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  1. prehaus, haus, and post-haus shifting models in foundation art teaching dancollins-arizona state university [chair] dean adams-montana state university ben cunningham- associate professor - millersville university nancymata- associate professor - millersville university liz miller-webster university worldwide -pietzwartinstitute fate 2013 savannah april 4

  2. prehaus, haus, and post-haus shifting models in foundation art teaching dancollins-arizona state university [chair] Dan Collins joined the School of Art faculty at Arizona State University in 1989. He is founding Co-Director of the PRISM lab (a 3D modeling and prototyping facility) and coordinator of the foundation art program (artCore). Collins studied studio art and art history at the University of California, Davis receiving a Bachelor of Arts degree in 1974. He holds a Master of Arts degree in Art Education from Stanford University (1975), a Master of Fine Arts (MFA) in "New Forms" and Sculpture from UCLA (1984), and a PhD in Interdisciplinary Humanities from ASU (2009). fate 2013 savannah april 4

  3. prehaus, haus, and post-haus shifting models in foundation art teaching dean adams-montana state university fate 2013 savannah april 4

  4. prehaus, haus, and post-haus shifting models in foundation art teaching nancymata- associate professor - millersville university fate 2013 savannah april 4

  5. prehaus, haus, and post-haus shifting models in foundation art teaching ben cunningham- associate professor - millersville university fate 2013 savannah april 4

  6. prehaus, haus, and post-haus shifting models in foundation art teaching liz miller-webster university worldwide -pietzwartinstitute - netherlands fate 2013 savannah april 4

  7. PREHAUS, HAUS, AND POSTHAUS Bauhaus Walter Gropius 1926 Dessau, Germany

  8. Bauhaus History The Bauhaus was born in 1919 after Walter Gropius was permitted to combine the schools of art and craft in Weimar, Germany. Ordinary craftsmen as well as famous artists such as Paul Klee and Vassily Kandinsky were hired to teach. Gropius felt that an understanding of materials, which was taught in workshops that included metalwork, carpentry, interior design, construction, and furniture making, must be mastered before architecture. His goal was to create: A clear, organic architecture, whose inner logic will be radiant and naked, unencumbered by lying facades and trickeries; we want an architecture adapted to our world of machines, radios and fast motor cars, and architecture whose function is clearly recognizable in the relation of its forms (Stokstad 1081).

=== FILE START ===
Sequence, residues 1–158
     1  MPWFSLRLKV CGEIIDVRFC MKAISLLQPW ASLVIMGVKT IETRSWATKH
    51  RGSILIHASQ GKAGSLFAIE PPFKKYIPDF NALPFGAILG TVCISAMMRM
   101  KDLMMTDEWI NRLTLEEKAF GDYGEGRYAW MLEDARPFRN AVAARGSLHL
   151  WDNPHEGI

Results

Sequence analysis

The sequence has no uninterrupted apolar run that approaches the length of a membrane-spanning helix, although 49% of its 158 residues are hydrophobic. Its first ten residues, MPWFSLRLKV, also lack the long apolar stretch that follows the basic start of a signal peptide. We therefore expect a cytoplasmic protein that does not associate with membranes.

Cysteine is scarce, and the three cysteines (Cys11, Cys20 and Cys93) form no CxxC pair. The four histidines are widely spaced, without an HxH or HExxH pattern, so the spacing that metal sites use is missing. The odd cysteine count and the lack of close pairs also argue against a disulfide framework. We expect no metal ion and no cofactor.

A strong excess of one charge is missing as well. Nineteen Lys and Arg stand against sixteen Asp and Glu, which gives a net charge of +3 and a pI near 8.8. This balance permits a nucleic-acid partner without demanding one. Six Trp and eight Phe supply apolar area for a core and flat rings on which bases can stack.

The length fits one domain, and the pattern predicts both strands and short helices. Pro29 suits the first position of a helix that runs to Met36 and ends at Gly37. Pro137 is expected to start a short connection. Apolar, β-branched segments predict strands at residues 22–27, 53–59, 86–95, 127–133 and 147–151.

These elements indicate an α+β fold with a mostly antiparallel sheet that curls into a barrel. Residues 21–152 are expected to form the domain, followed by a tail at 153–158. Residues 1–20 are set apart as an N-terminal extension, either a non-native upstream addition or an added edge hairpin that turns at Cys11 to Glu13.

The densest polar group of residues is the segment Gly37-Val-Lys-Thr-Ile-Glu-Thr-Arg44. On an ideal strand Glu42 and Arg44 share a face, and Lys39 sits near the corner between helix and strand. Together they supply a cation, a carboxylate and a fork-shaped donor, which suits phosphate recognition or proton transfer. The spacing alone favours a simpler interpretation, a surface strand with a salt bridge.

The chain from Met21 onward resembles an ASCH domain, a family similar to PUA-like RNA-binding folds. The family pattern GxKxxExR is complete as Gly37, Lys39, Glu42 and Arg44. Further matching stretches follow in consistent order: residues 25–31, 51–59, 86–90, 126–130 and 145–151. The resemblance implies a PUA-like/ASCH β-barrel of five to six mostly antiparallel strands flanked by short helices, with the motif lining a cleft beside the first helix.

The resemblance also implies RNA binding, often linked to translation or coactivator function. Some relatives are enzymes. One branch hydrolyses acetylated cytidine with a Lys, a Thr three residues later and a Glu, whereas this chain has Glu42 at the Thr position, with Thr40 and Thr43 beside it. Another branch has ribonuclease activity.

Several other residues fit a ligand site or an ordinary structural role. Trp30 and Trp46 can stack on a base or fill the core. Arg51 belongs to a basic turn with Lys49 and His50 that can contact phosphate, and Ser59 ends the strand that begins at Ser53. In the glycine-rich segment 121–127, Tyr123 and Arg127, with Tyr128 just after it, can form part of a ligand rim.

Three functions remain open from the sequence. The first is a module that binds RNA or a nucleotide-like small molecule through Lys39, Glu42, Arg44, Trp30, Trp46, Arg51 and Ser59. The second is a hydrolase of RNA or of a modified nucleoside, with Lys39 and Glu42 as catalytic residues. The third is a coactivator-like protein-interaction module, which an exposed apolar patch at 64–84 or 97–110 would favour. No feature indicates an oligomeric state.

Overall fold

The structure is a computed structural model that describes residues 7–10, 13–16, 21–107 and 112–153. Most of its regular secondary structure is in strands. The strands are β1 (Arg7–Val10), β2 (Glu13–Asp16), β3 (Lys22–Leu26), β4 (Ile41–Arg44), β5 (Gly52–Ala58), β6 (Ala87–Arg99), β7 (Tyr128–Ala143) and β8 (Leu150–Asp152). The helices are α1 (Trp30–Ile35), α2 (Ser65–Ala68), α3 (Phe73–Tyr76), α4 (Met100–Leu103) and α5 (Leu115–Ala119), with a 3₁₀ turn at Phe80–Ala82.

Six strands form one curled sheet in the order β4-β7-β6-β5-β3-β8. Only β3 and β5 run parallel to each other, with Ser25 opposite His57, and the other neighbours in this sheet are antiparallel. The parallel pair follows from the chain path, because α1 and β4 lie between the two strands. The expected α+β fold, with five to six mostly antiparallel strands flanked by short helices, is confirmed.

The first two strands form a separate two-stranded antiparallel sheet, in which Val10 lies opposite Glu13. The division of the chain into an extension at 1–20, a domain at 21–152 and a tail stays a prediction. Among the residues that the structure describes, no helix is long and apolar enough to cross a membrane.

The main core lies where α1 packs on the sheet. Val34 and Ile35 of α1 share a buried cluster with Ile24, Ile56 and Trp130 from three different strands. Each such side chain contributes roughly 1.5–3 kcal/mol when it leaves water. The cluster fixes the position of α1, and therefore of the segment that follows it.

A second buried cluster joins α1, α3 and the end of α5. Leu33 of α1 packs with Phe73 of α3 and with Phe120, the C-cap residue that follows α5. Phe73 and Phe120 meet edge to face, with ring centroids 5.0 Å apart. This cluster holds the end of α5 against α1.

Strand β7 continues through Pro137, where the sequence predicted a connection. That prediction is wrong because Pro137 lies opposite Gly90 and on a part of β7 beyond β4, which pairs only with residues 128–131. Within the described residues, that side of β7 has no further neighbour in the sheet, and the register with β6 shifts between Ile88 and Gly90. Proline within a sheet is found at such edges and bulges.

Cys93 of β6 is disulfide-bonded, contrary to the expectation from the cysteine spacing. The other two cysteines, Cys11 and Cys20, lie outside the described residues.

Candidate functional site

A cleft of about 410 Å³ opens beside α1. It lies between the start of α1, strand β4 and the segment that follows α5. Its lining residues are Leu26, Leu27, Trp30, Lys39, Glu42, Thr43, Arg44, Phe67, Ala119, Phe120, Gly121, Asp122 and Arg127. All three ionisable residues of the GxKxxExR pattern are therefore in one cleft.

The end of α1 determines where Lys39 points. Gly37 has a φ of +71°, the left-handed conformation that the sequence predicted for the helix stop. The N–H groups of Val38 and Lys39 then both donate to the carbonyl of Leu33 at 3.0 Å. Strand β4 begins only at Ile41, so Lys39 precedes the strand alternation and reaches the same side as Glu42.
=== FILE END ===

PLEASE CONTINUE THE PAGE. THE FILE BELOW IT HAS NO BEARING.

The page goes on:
9. bauhaus history The Bauhaus is often solely remembered for its iconic buildings designed and built in Dessau by Walter Gropius. But in fact, the school had three distinct iterations in three separate geographic locations—Weimer (1919 - 1925); Dessau (1925 – 1932); and Berlin (1932 – 1933), under three different architect-directors: Walter Gropius from 1919 to 1928, Hannes Meyer from 1928 to 1930 and Ludwig Mies van der Rohe from 1930 until 1933, when the school was closed by its own leadership under pressure from the Nazi regime. Weimar (1919-1925) Dessau (1925 – 1932) Berlin (1932 – 1933)

  10. Bauhaus History: Berlin (1932 – 1933) .[18] [edit] Berlin In late 1932, Mies rented a derelict factory in Berlin to use as the new Bauhaus with his own money. The students and faculty rehabilitated the building, painting the interior white. The school operated for ten months without further interference from the Nazi Party. In 1933, the Gestapo closed down the Berlin school. Mies protested the decision, eventually speaking to the head of the Gestapo, who agreed to allow the school to re-open. However, shortly after receiving a letter permitting the opening of the Bauhaus, Mies and the other faculty agreed to voluntarily shut down the school.[18] Although neither the Nazi Party nor Hitler himself had a cohesive architectural policy before they came to power in 1933, Nazi writers like Wilhelm Frick and Alfred Rosenberg had already labeled the Bauhaus "un-German" and criticized its modernist styles, deliberately generating public controversy over issues like flat roofs. Increasingly through the early 1930s, they characterized the Bauhaus as a front for communists and social liberals. Indeed, a number of communist students loyal to Meyer moved to the Soviet Union when he was fired in 1930. Even before the Nazis came to power, political pressure on Bauhaus had increased. The Nazi movement, from nearly the start, denounced the Bauhaus for its "degenerate art", and the Nazi regime was determined to crack down on what it saw as the foreign, probably Jewish influences of "cosmopolitan modernism." Despite Gropius's protestations that as a war veteran and a patriot his work had no subversive political intent, the Berlin Bauhaus was pressured to close in April 1933. Emigrants did succeed, however, in spreading the concepts of the Bauhaus to other countries, including the “New Bauhaus” of Chicago:[19]Mies decided to emigrate to the United States for the directorship of the School of Architecture at the Armour Institute (now Illinois Institute of Technology) in Chicago and to seek building commissions.[a] Curiously, however, some Bauhaus influences lived on in Nazi Germany. When Hitler's chief engineer, Fritz Todt, began opening the new autobahn (highways) in 1935, many of the bridges and service stations were "bold examples of modernism" – among those submitting designs was Mies van der Rohe.[20]

  11. PreHaus, Haus, and Post-Haus: Shifting Models in Foundation Art Teaching Dan Collins, Arizona State University, Chair Dean Adams, Montana State U Ben Cunningham, Associate Professor, Millersville University Nancy Mata, Associate Professor, Millersville University Liz Miller, Webster University, Worldwide, Piet ZwartInstitute, Rotterdam, the Netherlands FATE 2013 Savannah College of Art and Design April 4, 2013